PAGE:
Park Street Bridge

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Park Street Bridge
Park Street Bridge 2008-12.jpg
Park Street Bridge
Crosses Oakland Estuary
Locale San Francisco Bay Area
Characteristics
Total length 372 feet
History
Opened 1893
Rebuilt 1935

Coordinates: 37°46′18.08″N 122°14′11.65″W / 37.7716889°N 122.2365694°W / 37.7716889; -122.2365694

The Park Street Bridge is a double-leaf bascule drawbridge spanning 372 feet of the Oakland Estuary in the San Francisco Bay Area. It links the cities of Oakland and Alameda. In a year, the bridge is opened approximately 1700 times and carries approximately 40,000 vehicles per work day.[1] It was built when the Oakland Estuary was trenched, converting Alameda from a peninsula to an island.

The Park Street bridge is one of the four bridges that allow access to Alameda. It is considered the best route for bicycles to cross to Alameda as the small narrow walkway in the Posey Tube is difficult to navigate if there is another pedestrian or bicyclist also using it.[2]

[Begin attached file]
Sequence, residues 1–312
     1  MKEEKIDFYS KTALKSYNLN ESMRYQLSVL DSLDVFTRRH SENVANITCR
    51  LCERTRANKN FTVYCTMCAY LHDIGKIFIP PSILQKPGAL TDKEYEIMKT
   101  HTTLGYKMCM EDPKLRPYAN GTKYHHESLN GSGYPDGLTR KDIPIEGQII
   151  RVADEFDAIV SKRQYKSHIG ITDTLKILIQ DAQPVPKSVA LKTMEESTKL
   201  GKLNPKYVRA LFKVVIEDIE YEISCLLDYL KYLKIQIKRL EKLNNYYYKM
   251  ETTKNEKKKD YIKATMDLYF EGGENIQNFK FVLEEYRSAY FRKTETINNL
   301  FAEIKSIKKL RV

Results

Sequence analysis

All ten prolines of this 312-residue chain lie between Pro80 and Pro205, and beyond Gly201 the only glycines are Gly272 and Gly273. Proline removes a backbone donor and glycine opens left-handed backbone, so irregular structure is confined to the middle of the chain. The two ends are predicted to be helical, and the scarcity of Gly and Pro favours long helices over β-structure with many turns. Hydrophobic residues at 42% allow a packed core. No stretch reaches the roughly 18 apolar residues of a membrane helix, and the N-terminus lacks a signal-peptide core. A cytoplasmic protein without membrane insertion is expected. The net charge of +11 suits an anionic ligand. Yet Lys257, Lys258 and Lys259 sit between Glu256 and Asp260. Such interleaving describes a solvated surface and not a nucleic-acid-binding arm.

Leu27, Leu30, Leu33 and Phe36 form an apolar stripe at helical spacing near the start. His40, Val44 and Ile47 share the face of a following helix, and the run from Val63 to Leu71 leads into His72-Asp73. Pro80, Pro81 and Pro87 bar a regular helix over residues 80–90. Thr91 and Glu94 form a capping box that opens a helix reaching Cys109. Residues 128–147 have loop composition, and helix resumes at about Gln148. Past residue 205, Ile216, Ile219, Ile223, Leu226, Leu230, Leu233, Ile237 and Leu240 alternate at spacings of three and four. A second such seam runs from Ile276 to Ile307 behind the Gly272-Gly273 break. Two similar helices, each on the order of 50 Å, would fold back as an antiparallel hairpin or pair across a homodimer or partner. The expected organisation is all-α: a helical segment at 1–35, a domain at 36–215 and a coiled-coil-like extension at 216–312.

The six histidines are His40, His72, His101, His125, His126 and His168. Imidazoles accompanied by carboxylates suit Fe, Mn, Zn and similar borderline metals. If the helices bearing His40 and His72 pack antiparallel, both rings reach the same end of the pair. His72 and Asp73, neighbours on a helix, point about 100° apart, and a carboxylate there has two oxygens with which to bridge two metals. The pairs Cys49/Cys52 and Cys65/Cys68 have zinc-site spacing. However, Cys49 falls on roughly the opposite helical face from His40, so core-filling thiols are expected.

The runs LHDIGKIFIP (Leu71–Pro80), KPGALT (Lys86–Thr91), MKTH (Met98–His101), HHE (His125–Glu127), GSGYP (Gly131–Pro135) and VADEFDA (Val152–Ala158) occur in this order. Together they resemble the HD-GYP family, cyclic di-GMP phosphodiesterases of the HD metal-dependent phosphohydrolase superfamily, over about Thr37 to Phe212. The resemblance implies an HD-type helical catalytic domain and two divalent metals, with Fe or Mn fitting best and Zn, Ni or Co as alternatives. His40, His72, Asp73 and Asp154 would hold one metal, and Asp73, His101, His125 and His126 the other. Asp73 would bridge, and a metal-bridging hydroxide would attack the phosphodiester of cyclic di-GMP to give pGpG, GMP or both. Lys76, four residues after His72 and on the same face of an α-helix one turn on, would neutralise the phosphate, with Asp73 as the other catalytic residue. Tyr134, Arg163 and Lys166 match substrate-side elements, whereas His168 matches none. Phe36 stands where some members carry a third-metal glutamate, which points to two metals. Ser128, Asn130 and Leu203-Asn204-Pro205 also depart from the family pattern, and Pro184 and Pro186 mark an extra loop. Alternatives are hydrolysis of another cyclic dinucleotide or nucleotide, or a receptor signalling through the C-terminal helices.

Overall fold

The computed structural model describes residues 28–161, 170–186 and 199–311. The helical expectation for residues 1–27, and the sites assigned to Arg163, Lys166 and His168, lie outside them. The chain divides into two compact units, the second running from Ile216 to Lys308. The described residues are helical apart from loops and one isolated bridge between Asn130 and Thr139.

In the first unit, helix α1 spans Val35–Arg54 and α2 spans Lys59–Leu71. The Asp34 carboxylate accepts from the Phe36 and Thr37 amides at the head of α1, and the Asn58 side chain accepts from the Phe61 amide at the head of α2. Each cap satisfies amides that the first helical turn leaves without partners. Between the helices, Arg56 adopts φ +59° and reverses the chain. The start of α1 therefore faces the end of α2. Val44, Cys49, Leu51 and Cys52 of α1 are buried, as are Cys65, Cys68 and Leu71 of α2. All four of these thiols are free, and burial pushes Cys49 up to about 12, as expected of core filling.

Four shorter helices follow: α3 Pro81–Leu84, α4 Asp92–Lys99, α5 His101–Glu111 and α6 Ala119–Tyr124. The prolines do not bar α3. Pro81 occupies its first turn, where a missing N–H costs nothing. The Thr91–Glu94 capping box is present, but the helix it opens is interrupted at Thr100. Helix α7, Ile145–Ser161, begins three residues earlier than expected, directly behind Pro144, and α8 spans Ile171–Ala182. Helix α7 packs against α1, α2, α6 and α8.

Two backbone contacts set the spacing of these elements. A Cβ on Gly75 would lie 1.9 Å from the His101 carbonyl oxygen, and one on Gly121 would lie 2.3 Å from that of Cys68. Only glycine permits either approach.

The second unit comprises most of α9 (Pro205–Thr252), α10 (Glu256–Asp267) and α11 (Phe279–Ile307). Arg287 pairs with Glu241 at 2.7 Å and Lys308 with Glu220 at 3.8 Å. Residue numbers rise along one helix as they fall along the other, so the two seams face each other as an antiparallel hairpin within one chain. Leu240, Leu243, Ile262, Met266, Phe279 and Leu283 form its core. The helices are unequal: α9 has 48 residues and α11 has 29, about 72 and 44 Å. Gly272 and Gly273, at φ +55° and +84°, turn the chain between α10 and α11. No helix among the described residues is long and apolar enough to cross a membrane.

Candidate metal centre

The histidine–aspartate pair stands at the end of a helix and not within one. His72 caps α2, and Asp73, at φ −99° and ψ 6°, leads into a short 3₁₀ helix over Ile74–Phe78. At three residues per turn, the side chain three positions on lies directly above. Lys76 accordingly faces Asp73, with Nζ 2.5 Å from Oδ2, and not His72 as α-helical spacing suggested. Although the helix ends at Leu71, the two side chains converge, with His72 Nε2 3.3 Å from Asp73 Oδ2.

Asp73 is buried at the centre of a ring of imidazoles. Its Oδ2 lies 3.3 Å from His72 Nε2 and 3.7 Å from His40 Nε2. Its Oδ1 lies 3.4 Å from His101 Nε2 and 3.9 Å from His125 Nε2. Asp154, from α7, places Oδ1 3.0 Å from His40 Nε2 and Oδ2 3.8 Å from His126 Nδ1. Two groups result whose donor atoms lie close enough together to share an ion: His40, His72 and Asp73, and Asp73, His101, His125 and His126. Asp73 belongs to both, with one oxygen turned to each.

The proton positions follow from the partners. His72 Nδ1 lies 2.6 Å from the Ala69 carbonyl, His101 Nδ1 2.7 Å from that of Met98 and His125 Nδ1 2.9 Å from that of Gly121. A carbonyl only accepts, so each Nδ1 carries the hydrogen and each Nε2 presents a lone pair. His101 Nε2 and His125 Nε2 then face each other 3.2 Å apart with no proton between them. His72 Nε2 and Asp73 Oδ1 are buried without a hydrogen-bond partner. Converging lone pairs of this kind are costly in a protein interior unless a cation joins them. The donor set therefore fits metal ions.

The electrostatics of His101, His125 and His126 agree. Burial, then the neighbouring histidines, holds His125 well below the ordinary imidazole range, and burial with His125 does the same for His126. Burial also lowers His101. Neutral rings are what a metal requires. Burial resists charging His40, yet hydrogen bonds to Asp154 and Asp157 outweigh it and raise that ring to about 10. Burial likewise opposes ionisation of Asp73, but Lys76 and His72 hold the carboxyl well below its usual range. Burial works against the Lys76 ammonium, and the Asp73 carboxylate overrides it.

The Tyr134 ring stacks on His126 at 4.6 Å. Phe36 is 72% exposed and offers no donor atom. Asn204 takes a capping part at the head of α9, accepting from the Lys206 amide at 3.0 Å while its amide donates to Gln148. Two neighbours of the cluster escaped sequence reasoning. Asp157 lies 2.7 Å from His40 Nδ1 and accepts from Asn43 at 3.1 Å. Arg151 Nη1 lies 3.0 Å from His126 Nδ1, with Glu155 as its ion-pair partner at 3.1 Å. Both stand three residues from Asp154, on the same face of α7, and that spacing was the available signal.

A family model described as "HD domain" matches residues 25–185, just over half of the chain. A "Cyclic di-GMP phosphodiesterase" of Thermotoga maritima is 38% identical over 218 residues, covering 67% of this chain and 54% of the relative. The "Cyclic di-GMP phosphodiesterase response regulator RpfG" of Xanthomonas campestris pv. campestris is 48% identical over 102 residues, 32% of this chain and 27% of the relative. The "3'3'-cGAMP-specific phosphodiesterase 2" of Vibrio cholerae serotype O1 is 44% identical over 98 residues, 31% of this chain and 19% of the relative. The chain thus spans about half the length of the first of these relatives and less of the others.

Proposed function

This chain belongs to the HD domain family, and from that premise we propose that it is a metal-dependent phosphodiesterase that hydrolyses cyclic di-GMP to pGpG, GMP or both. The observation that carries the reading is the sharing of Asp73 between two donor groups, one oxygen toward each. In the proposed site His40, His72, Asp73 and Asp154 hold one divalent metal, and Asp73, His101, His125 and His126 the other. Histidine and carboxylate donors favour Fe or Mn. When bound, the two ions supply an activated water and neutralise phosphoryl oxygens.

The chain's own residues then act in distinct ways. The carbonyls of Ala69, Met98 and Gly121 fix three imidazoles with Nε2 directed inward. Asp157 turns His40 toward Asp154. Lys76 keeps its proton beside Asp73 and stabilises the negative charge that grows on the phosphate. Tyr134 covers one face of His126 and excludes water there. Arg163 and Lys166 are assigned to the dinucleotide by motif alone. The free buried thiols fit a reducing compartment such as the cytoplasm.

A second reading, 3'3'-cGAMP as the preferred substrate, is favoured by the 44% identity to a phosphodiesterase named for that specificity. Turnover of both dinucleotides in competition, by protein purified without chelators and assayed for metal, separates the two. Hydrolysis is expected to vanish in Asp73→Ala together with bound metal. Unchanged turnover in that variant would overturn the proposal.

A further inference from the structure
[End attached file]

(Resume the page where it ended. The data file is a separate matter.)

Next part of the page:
History[edit]

The original Park Street bridge was completed in 1893. The Park Street, High Street, and Fruitvale Avenue bridgess were built by the U.S. Government in exchange for permission and rights-of-way to dredge the channel between San Antonio Creek and San Leandro Bay. It had a wooden deck, a wrought iron thru truss swing span and wooden trestle approach spans. Riding the bridge as it opened to let water traffic through, as well as fishing off the bridge, were popular activities. It took ten years after the bridge's completion to dredge the channel.

The present bridge was designed by the County of Alameda Surveyors Office and constructed under the Federal WPA Program. It was opened in 1935 with a grand opening celebration that included a public wedding of a man from Oakland and woman from Alameda to symbolize the unity of the two cities with the building of the bridge.[3]

References[edit]

  1. ^ http://www.acgov.org/pwa/about/maintenance/bridges/bridge_park.htm
  2. ^ "BikeAlameda". BikeAlameda.org. BikeAlameda. Retrieved 13 November 2012. 
  3. ^ "ACPWA.org". ACPWA.org. Alameda County Public Works Agency. Retrieved 13 November 2012. 

External links[edit]